I’m here, jet-lagged, ears ringing, wakeful in the night, bleary and unfocused by day, but in love, enraptured, swept away by the beauty of parched golden-colored land, by the warm shy smiles of strangers, by the two-handed handshakes of old friends, by the echoing racket of roosters, by the squawking of great gray ibises (called Ha-de-dah’s by the Whites). I’m here, intoxicated by great clouds of lavender blossoming Syringa trees, by cascading bright green willows, by a fine powdery dust that makes the air glint in bright clear sunlight, by the music of the Sesotho language, by dog-bark and laughter heard across mountain valleys. Intoxicated with my privilege, I’m here.
I had my day with Christine after a night sitting up in an impossibly crowded plane (every seat taken). Six hours with Christine swept by as if it were half an hour. There we were in the City of Westminster drinking coffee, drifting through the past four decades of our lives as if we could see it from a distance, tears flashing in our eyes and gales of laughter. We caressed shared memories, we held each other’s losses, were embarrassed (that would be mostly me) by our foolishness. We saw what really mattered over the last forty years and what only seemed at the time to matter. We saw and affirmed for each other what is alike in us (great, fat generous hearts) and what is different (she rooted, me wandering). We saw what has driven us, what held us back, what we chose. We saw and held hands and commended each other, thanked each other, and planned she’ll come to the USA in 2012 and stay a while.
Then back to Heathrow (a nightmare of bad management and stupid policies with bad signage) and a second long night sitting up, cramped, back slumped and knees jammed) and finally to Johannesburg. On the plane I’d begun to feel my heart race with emotion hearing the different accents of Black-inflected and White-inflected English, feeling again the sharp and violent history of Apartheid, the still-new energy of freedom, the disappointment that followed the hopes, the memory.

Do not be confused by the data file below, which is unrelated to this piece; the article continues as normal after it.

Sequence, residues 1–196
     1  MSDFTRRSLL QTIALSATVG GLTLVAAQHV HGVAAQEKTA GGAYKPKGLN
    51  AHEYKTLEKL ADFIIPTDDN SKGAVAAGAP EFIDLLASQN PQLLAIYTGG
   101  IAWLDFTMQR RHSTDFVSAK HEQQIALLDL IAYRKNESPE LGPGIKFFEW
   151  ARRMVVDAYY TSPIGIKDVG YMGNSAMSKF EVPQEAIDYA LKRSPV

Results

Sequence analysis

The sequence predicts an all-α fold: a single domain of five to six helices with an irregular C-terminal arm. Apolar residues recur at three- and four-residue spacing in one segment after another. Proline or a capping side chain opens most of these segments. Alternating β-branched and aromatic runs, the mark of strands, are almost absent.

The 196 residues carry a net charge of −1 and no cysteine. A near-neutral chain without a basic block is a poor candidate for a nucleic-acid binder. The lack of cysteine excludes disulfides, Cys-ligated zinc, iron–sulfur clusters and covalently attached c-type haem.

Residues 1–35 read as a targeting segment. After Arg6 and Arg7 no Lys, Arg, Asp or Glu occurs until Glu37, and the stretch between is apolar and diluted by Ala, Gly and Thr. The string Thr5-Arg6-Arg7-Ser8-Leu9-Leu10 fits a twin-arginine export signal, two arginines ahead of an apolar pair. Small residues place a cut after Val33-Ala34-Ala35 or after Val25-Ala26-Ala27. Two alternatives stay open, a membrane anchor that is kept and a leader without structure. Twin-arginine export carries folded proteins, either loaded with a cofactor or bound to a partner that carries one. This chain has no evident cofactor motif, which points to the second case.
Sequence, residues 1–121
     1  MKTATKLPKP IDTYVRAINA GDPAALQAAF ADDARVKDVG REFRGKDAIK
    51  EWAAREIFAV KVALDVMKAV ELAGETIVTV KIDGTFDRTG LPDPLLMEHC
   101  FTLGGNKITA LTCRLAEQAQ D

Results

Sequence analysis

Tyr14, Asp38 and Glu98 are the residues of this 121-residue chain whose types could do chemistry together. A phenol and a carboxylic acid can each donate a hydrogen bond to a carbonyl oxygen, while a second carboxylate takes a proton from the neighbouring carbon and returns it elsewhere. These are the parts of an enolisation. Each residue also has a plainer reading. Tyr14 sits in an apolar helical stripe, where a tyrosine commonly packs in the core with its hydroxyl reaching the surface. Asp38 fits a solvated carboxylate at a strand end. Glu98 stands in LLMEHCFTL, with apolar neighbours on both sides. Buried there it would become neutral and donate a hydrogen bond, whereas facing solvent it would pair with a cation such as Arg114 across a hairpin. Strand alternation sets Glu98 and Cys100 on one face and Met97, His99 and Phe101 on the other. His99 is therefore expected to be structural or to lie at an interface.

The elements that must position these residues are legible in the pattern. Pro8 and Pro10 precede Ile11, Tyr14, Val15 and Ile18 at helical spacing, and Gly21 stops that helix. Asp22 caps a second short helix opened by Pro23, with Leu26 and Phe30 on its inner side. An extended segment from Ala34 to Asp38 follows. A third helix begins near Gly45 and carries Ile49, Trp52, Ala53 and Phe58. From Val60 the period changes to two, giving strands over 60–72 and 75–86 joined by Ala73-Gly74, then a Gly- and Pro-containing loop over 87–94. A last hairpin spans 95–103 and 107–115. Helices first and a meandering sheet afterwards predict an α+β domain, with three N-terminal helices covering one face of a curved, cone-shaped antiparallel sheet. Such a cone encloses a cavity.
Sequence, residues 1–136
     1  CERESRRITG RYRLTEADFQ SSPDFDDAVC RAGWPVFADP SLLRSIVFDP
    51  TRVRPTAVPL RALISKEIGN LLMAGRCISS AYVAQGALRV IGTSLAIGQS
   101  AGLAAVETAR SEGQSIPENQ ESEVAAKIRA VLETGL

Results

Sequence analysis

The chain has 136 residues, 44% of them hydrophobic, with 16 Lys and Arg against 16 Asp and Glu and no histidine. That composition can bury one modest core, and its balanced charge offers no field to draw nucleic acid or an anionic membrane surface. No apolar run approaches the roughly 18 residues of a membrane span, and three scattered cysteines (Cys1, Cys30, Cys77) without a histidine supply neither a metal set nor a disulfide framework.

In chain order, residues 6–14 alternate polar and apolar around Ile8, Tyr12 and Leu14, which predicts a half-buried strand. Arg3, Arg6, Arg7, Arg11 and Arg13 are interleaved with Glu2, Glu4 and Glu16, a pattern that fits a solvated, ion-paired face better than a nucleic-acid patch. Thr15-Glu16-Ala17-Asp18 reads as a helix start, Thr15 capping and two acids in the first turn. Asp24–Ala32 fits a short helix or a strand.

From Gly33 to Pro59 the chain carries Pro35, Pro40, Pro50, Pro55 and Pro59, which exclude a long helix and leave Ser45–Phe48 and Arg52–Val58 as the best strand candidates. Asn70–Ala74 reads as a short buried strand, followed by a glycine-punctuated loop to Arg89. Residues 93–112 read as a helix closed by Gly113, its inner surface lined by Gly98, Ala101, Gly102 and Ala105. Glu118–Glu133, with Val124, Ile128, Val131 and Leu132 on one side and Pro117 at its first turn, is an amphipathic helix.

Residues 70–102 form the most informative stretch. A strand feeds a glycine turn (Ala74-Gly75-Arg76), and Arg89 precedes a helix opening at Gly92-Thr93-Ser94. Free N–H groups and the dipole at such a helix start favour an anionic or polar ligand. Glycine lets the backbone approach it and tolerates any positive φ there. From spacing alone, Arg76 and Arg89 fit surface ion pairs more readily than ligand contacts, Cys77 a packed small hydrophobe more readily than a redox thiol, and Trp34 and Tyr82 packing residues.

On the plane I felt it, in the airport I heard the accents of two different kinds of White South Africans and the nuanced distrust between them; I heard cleaning women speaking Zulu and Xhosa; and in the transfer lounge I sat with a group of men from Swaziland and watched their playful ease: touching each other, holding hands, leaning on each other’s shoulders with easy affection that made my eyes smile.
Finally after delays, after a bumpy ride in a small plane even more cramped than the great crowded jets of the two nights, finally, at 3 p.m. on Friday afternoon, I climbed down a rickety stair into a breezy, sunny Spring afternoon in Lesotho. I have written this between 3 a.m. and 5 a.m. on Saturday as the morning darkness has filled with a rising chorus of roosters summoning a dawn that has not yet shown itself. Soon I will sneak out for a dawn walk and some photographs. Forget Jetzone and Advil PM. Nothing makes me sleep, I am alert at the wrong time, ears ringing, heart pounding, faintly nauseated, legs swollen (though the compression hose did help), eyes bleary.
My morning walk was divine, though I couldn’t stop myself and walked for an hour and a half, after which I collapsed and could not move for half an hour. Now I’m in Chris Dunton’s office, on his computer. I have arrived on a holiday weekend when the students are away, so we have some hope I’ll be able to post this on the blog, though even with the students gone, pictures are impossible. I’ll say more later about Chris and his welcoming home and table, our stroll around campus last night, our first talks. He had a bad fall six weeks ago that has left him with a sore back, so he walks with difficulty but insisted on indulging my hunger to see and smell and hear the land where I lived for two very eventful years. I find it even more beautiful now. I have had twelve years of separation to make it dearer to me than it was then, and I loved it then. After I post this, I will summon my energy, quiet my pounding heart, and go puffing and gasping up the hillside to M’e Mpho’s house.